Salvage companies and protection of the marine environment: time to pay the piper?

Simon Allison

Research output: ThesisMaster's Thesis

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While the traditional law of salvage was effective in reducing the loss of
property at sea the ‘no cure–no pay’ doctrine resulted in perverse
outcomes like those seen in the Torrey Canyon incident, where volunteer
salvors would protect the marine environment from the catastrophic
consequences of would be oil spills, yet be left without remuneration and
forced to bear their own costs. The development of the 1989 Salvage
Convention and its contractual alternative SCOPIC provided a much
needed exception to the longstanding ‘no cure–no pay’ rule by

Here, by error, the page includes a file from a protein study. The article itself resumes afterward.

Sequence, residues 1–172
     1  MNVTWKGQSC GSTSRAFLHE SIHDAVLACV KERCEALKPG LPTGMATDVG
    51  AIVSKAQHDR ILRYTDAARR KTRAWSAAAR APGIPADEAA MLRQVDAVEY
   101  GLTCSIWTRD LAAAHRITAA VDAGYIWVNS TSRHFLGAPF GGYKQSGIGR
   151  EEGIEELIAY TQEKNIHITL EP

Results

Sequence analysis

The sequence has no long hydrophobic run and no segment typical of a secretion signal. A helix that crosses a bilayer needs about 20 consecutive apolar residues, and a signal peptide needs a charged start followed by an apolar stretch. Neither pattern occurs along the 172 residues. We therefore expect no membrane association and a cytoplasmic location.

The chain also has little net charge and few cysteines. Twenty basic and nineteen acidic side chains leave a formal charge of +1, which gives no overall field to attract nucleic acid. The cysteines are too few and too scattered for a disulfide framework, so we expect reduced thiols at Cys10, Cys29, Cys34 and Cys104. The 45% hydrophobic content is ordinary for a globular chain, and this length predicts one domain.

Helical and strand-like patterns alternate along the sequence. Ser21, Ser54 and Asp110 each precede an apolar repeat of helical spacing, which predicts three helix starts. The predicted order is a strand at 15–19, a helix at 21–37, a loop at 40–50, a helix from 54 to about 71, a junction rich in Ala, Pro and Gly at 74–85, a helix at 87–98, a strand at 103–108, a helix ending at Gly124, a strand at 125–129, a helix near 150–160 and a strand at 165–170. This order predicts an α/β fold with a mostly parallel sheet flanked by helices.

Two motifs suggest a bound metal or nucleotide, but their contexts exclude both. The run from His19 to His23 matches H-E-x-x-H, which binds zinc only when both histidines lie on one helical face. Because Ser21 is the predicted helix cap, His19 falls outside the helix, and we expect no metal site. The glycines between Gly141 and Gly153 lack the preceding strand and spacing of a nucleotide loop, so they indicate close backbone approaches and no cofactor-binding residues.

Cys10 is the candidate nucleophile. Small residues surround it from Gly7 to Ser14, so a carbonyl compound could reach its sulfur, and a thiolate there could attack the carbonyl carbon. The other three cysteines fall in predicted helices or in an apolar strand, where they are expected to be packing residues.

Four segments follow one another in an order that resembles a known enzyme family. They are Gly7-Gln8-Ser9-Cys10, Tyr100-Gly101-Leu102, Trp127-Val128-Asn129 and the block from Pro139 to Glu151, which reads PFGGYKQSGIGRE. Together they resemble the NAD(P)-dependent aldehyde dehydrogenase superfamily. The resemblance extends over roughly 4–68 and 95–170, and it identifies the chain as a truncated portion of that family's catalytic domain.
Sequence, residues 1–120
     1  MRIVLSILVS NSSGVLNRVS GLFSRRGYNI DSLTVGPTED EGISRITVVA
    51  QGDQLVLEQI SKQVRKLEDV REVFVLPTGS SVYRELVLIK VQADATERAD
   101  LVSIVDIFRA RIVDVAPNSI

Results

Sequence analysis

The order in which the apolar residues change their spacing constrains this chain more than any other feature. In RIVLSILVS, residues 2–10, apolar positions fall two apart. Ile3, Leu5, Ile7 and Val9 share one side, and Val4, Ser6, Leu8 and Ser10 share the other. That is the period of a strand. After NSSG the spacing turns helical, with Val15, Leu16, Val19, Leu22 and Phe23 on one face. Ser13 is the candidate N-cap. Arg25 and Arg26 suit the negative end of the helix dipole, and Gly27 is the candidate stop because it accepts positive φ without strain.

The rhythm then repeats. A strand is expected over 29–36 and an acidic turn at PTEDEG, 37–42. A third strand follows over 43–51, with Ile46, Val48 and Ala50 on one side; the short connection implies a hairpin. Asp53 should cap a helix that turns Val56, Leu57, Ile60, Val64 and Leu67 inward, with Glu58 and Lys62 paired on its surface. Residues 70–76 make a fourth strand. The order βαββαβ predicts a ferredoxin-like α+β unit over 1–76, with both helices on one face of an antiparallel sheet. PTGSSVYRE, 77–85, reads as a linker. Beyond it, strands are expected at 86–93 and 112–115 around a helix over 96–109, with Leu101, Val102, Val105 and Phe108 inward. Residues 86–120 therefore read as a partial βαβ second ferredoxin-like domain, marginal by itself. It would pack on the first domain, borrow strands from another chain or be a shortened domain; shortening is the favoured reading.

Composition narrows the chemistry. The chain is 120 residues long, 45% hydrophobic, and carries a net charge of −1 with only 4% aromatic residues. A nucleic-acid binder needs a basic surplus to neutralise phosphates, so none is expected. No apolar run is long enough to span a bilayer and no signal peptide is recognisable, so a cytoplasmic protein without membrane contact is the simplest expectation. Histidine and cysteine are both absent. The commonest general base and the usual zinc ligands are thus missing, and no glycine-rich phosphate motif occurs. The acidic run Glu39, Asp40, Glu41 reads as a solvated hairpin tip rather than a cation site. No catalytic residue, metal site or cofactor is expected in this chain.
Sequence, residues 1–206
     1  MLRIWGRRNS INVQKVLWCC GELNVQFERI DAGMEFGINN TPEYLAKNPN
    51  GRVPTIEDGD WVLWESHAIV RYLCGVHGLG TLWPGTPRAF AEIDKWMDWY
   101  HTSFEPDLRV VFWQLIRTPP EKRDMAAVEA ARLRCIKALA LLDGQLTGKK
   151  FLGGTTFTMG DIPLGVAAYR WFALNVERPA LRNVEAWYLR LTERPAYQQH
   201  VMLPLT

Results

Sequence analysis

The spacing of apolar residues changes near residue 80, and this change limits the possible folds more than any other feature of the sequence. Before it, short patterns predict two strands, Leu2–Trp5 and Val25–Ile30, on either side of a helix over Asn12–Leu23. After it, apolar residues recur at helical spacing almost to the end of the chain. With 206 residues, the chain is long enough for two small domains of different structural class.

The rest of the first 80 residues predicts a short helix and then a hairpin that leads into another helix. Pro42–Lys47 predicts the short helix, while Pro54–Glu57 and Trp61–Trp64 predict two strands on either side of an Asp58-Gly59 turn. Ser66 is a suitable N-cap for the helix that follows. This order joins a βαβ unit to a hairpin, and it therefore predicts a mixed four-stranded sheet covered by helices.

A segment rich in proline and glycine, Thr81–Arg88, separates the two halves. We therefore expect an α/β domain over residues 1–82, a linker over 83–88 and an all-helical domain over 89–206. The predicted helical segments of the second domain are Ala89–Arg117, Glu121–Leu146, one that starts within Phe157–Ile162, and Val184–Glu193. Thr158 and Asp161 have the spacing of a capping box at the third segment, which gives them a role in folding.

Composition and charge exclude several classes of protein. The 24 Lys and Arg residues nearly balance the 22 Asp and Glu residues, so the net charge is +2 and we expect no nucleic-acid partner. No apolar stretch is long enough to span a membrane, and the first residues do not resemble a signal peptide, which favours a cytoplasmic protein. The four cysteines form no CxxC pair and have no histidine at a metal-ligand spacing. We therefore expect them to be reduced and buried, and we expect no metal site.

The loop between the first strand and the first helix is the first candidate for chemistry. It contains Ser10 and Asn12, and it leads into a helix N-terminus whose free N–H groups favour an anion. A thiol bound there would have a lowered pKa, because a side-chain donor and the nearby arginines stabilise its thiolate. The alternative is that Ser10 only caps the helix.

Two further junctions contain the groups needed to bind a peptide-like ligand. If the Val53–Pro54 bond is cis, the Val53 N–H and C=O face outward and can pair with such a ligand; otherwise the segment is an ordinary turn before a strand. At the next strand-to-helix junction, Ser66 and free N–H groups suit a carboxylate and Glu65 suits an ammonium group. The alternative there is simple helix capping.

introducing a safety net provision to provide some compensation to
cover the salvors expenses where they were not entitled to claim a
reward. However, the negotiators of the 1989 Salvage Convention
concluded that issues of a public law nature such as access to places of
refuge and State interference in salvage operations were best dealt with
by a separate convention. This dissertation submits that the public law
aspects of salvage law remain unremedied and continue to discourage
salvage companies from undertaking a crucial role in protecting the
marine environment. As a result, a new convention is required to
provide certainty as to the rights and obligations of parties involved in
incidents posing a potential threat to the marine environment. Will it
take another catastrophe such as the Prestige to prompt decision makers
into taking action?
Original languageEnglish
Publication statusUnpublished - 2015


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